• Compromising Welfare

    The U.S. Constitution includes many checks and balances that necessitate the ruling party to compromise with the opposition. I develop a model in which this feature prompts the President to compromise on the strength of the candidates nominated for positions in the federal government and judiciary. I test the model by using data of the nominations of federal judges from 1989 to 2014. Because federal judges are appointed for life, appointments of competent younger judges extend the productive period they spend on the bench and improve welfare. Consistent with the predictions of the model, and controlling for each candidate’s competence with the rating assigned by the American Bar Association, I find that the confirmation in the Senate is more likely and faster when the President compromises on the strength of the candidate by nominating an older individual. These findings suggest that the system of checks and balances comes with a price.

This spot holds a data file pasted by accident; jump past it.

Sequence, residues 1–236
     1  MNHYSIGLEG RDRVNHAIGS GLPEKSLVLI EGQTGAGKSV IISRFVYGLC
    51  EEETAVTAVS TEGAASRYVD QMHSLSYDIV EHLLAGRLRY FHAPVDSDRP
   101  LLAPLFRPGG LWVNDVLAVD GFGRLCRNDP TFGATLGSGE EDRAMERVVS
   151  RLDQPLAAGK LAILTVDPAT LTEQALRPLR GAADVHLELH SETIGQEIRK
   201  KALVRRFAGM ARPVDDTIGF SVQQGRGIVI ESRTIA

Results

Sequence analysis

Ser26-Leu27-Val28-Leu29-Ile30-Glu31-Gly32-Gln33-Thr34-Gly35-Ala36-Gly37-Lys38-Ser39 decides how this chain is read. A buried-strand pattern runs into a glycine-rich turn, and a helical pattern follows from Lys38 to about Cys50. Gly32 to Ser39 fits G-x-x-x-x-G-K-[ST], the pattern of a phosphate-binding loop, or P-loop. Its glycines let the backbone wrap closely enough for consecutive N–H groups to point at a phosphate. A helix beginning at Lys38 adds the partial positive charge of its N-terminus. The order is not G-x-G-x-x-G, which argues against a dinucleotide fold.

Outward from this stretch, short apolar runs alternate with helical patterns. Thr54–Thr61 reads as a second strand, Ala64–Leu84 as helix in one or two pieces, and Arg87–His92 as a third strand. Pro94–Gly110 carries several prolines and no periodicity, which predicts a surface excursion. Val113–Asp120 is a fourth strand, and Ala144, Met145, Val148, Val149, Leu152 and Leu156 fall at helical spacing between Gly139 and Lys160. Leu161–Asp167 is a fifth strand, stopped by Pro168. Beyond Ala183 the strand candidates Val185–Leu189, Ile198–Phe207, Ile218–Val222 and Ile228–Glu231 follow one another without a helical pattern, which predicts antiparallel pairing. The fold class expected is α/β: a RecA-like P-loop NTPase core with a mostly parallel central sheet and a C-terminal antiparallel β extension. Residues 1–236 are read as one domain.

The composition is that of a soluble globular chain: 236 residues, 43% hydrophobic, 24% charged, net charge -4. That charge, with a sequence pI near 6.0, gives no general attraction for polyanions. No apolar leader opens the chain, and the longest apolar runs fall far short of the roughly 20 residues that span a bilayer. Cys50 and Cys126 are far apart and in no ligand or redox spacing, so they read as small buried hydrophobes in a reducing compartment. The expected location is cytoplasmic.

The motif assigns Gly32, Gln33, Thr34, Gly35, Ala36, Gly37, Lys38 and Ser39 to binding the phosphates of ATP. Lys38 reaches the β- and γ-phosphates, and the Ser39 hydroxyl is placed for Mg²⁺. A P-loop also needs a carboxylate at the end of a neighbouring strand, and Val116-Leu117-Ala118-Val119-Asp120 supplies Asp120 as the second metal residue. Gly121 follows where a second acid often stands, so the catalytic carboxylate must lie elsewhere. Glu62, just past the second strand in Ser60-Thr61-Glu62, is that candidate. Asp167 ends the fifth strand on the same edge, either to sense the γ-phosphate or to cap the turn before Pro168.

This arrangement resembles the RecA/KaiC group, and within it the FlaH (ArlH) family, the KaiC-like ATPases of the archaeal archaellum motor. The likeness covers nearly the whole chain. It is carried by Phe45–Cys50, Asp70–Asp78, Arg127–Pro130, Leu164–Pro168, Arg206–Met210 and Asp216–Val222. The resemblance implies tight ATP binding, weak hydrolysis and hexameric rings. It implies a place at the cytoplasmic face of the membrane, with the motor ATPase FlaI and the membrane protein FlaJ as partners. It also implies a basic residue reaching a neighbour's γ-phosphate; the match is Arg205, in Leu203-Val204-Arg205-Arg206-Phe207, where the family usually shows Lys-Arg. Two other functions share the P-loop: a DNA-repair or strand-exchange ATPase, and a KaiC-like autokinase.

• Active Takeover Markets and Climate Policies (with Vidhan K. Goyal and Arkodipta Sarkar)

    This paper characterizes a clean environment as an implicit promise of a firm to its workers. We argue that firms break their promises when faced with the possibility of a takeover; they pollute more to inflate their share price. Consistent with the model predictions, plants owned by firms insulated from takeovers pollute less compared to plants located in the same state but owned by other firms more exposed to the threat of hostile takeovers. As expected, the effects are more pronounced for plants located in counties with less growth and for firms with highly redeployable assets.

My Research in the Media